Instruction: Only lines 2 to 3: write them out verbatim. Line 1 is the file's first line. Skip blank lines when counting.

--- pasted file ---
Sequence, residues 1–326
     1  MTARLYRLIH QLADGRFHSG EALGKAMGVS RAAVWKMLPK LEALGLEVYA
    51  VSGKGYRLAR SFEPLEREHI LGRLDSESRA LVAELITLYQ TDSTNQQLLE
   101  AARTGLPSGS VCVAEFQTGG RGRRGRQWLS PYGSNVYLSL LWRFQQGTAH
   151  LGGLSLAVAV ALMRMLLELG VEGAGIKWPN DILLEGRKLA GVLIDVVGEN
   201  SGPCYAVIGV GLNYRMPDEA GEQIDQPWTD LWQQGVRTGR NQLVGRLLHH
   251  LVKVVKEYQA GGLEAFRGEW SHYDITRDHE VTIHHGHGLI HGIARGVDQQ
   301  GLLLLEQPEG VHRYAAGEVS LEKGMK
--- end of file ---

     1  MTARLYRLIH QLADGRFHSG EALGKAMGVS RAAVWKMLPK LEALGLEVYA
    51  VSGKGYRLAR SFEPLEREHI LGRLDSESRA LVAELITLYQ TDSTNQQLLE